In "The Birthmark," Hawthorne described a young scientist who killed his own wife by pursuing "perfect future" (Hawthorne, 220) while trying to remove a birthmark on his wife?s face. His name was Aylmer. He was a good scientist according to any standard. He was smart, diligent, and "an eminent proficient" (Hawthorne, 203) in natural science.
Hawthorne was not against science; he was against "perfect science," against the people who wanted a "perfect science." Aylmer was so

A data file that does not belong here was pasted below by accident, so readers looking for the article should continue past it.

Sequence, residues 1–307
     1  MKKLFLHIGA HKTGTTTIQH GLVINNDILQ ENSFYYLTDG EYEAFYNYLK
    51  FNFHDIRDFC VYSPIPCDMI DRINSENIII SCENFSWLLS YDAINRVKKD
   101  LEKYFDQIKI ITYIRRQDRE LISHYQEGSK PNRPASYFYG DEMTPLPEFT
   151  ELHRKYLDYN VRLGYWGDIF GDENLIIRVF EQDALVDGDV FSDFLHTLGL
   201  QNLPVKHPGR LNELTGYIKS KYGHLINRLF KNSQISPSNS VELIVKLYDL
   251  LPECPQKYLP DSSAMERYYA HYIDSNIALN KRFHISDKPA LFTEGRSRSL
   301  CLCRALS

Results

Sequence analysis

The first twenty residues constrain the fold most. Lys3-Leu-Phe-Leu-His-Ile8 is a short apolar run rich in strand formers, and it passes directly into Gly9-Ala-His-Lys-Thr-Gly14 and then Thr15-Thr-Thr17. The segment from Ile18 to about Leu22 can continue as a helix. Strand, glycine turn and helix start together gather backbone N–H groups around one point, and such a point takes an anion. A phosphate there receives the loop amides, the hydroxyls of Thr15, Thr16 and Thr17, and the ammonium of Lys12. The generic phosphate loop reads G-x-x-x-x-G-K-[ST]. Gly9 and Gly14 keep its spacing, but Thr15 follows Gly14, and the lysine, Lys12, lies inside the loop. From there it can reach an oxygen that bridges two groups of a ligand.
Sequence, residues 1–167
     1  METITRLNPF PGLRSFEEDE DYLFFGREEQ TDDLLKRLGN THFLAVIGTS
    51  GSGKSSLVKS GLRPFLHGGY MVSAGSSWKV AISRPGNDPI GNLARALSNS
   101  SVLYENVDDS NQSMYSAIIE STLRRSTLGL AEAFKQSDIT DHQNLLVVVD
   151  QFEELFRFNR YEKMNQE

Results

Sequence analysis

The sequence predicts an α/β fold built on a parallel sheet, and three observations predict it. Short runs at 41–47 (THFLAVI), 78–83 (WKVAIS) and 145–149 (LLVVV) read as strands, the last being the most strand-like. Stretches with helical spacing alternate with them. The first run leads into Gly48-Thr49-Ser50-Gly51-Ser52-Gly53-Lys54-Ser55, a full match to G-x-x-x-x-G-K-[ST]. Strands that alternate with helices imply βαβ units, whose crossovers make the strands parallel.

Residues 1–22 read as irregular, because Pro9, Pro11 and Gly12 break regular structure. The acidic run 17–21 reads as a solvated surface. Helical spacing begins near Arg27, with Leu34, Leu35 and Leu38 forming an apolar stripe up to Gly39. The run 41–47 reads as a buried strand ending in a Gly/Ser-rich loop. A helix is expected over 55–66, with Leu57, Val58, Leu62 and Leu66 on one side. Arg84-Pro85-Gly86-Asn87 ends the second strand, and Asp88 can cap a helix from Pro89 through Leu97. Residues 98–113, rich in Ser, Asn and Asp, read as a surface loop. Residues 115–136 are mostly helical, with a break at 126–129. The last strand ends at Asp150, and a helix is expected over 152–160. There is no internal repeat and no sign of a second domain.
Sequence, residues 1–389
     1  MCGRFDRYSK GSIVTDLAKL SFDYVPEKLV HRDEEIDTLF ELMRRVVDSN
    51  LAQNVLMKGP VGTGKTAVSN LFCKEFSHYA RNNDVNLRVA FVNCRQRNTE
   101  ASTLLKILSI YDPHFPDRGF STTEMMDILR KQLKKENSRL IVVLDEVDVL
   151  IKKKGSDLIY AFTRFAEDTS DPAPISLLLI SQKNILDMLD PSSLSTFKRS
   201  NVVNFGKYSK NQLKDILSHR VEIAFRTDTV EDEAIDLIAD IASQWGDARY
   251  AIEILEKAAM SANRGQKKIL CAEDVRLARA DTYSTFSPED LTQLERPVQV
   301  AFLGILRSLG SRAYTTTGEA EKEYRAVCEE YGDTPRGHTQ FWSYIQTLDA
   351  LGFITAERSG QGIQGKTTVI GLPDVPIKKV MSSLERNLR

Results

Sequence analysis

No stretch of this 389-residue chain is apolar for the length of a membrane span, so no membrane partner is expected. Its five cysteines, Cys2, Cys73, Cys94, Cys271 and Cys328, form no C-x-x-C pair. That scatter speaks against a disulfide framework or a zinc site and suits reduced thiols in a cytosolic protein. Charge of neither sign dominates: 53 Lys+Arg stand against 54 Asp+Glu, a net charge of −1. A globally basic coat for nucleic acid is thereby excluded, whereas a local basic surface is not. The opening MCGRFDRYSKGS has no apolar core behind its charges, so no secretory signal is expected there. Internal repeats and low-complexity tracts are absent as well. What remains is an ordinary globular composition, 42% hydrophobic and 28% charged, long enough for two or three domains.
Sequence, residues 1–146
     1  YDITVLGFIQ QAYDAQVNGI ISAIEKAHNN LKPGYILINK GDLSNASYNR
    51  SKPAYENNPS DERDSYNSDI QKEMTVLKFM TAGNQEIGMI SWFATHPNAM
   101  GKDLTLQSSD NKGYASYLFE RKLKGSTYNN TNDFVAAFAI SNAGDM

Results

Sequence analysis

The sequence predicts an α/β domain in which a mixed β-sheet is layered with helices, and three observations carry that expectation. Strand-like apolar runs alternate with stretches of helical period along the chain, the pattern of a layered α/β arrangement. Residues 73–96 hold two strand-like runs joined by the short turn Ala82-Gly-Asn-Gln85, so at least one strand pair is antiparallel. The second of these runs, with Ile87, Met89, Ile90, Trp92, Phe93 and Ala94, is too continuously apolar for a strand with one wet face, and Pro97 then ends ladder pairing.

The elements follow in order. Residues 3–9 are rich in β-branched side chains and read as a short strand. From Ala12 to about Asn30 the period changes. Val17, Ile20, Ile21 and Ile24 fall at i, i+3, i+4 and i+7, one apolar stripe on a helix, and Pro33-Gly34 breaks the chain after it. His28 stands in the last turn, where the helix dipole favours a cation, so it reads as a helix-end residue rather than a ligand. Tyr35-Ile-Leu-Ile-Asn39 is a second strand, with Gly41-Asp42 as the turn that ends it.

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himself, that?s reason why he "can scarcely glance over and keep [his] senses." (Hawthorne, 214) All the great scientific discoveries are originated from great failures, but people can only see the successes, not the failures.
Science will advance, step by step. But will never reach a "perfect science." The pursue of "perfect science" can often lead to disasters because people live "once for all in eternity; to find the perfect future in the present." (Hawthorne, 220)